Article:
I read with interest the recently published article by Lee et al12). The report details a case of severe postoperative cerebral oedema following a seizure in the recovery room. The procedure had otherwise been uneventful and the authors speculate that placing the epidural and subgaleal drains on active suction may have been a contributory factor. They also comment that there have only been five reported cases of unexpected massive cerebral oedema following cranioplasty. At the time of writing this may have indeed been the case, however examination of the recent cranioplasty literature reveals that this phenomenon may be more common than has previously been appreciated.
Lee et al. would not have been able to include the findings of a recent article by Sviri15) in the Journal of Neurosurgery as they had already submitted their case report. However a further literature review confirmed that there have to date been sixteen such cases (Table 1). A literature search was performed in the MEDLINE database (1966-July 2015 2012). The following keywords were used : decompressive craniectomy, cranioplasty, complications and sudden death. The bibliographies of retrieved reports were searched for additional references. For those cases that were reported as part of a cohort series this represents an incidence ranging from 2.2% to 7%, which is extraordinarily high for what is essentially a technically straightforward elective procedure2,89,15). It may well be that these cases represent an unusual clinical occurrence that is both uncommon and unpredictable. Alternatively it may well be that this complication is just underreported. Indeed, a recent publication listed death following bone flap replacement on the outcome algorithm for patients who have had a decompressive craniectomy following ischemic stroke10). In addition, a recent article reported a mortality rate of 3.16% following cranioplasty (although in this particular study the actual cause of death was not documented18)). Notwithstanding these limitations, it would seem that death following cranioplasty is not entirely unexpected and in view of these findings care must be taken when counselling patients and their relatives prior to a cranioplasty procedure.
Currently the precise pathophysiology has yet to be determined; however, a number of authors have suggested it may relate to the use of suction drains and loss of cerebral autoregulation2,816).
Cerebral pressure autoregulation is the specific intrinsic ability of the cerebrovasculature to maintain constant cerebral blood flow over a range of blood pressures1). This is generally observed between a mean arterial blood pressure of approximately 50-150 mmHg and it protects against cerebral ischaemia due to hypotension and against excessive flow (malignant hyperaemia) during hypertension, when capillary damage, oedema, diffuse haemorrhage and intracranial hypertension might otherwise result6,11).
Experimental studies have shown that the main autoregulatory response is located in the small vessels (diameter of <40 um) in the brain parenchyma and this involves myogenic, neurogenic and metabolic mechanisms11). These processes continuously adjust cerebrovascular resistance for changes in cerebral perfusion pressure so that the cerebral blood flow remains relatively constant. It has been demonstrated that autoregulation can be impaired over a variable time course following traumatic brain injury and this will reduce the ability of the brain to adequately control blood flow in the presence of hypo or hypertensive episodes4,16).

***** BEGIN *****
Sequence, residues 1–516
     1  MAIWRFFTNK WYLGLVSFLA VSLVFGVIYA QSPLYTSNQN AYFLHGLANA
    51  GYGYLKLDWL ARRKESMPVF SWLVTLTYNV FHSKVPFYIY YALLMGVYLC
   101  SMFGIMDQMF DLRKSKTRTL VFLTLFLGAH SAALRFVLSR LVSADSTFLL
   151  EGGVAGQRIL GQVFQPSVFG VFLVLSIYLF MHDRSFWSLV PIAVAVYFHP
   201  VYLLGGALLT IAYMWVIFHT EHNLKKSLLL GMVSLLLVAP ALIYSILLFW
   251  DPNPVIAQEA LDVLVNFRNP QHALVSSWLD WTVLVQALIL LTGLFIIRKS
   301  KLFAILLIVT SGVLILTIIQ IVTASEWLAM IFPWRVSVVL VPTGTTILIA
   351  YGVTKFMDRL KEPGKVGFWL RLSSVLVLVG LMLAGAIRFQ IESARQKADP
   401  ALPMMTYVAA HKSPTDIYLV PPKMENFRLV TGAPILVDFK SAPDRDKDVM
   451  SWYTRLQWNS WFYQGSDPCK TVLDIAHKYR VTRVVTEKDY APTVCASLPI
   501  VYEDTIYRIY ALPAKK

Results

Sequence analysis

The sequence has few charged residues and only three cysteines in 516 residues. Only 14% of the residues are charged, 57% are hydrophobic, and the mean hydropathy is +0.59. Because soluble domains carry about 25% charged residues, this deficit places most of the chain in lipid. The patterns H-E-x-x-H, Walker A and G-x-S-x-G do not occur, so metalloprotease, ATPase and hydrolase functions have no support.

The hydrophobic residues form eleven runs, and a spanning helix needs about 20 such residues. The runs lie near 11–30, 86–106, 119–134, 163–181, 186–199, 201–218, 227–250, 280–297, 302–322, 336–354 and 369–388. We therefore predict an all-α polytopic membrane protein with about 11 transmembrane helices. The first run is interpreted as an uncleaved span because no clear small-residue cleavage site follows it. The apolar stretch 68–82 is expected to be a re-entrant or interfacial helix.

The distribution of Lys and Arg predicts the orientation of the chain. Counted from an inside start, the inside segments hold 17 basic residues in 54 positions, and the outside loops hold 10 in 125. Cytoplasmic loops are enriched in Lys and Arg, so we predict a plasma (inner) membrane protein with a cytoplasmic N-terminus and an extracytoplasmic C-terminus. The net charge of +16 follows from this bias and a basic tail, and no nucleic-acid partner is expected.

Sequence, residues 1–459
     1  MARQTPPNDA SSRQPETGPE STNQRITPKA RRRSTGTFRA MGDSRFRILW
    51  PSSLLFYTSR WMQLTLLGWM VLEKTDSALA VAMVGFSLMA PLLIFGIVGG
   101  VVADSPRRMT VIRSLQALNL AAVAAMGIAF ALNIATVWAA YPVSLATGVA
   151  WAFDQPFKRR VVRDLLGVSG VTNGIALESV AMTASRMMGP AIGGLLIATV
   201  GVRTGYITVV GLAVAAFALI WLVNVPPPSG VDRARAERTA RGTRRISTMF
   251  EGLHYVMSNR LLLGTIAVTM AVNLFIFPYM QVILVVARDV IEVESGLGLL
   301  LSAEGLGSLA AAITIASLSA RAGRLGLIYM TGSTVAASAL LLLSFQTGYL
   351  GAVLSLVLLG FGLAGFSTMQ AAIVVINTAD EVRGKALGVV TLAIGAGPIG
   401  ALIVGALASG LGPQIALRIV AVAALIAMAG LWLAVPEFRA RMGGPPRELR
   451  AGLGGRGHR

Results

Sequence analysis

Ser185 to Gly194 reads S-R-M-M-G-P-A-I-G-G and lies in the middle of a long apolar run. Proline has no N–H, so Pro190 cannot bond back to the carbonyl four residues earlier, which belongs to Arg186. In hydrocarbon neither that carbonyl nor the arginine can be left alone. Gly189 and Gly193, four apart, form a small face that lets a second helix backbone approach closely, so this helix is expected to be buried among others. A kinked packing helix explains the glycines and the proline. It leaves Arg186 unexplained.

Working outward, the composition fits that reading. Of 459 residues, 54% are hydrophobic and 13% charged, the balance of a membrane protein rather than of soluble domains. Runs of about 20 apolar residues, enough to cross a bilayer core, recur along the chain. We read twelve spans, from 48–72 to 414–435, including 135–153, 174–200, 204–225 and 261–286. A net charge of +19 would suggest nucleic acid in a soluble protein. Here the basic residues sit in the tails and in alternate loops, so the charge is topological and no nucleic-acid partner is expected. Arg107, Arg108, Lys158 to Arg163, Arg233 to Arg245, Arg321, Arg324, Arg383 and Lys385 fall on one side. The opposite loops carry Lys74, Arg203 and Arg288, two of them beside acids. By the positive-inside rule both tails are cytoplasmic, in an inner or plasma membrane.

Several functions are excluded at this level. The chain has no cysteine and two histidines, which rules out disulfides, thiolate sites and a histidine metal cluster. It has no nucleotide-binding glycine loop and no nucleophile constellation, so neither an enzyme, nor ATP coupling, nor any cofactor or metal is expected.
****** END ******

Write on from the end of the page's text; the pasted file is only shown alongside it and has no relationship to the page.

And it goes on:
POTENTIAL PATHOPHYSIOLOGICAL CAUSES OF CEREBRAL SWELLING
Whilst there is limited data on long term time course of autoregulation recovery, it would appear to remain impaired in a small number of severely injured patients7,15). Based on these studies it could be postulated that certain patients who survive serious cerebral insult such as traumatic brain injury, ischaemic stroke or subarachnoid haemorrhage may do so not only with poor neurological function but also with residual impairment in cerebral autoregulation. In circumstances where there is an acute rise in blood pressure such as during a seizure, the normal compensatory vasoconstriction may be either absent or impaired. Whilst this has not been demonstrated preoperatively, it would be difficult to attribute the massive and uncontrolled cerebral swelling to any other mechanism.
CURRENT MANAGEMENT STRATEGIES
Notwithstanding the pathophysiology regarding the uncontrolled cerebral swelling, the question remains as to how clinical management of these patients may be changed in order to prevent this complication. Sviri15) noted that waiting for the patient to be fully awake prior to application of the suction drain has led no further episodes of this complication. Certainly at our institutions we have had no further episodes of sudden death following cranioplasty since I initially reported our experience in 20118). We pay close attention to seizure prophylaxis and cardiovascular stability in the immediate postoperative period. We still use suction drains; however, we do not place them on high suction in order to prevent significant pressure differentials.
In conclusion, if use of decompressive craniectomy in the management of neurological emergencies continues, close attention and wider reporting of this type of complication is required not only to focus attention on possible management strategies, but also to determine which patients are at most risk of this devastating complication.
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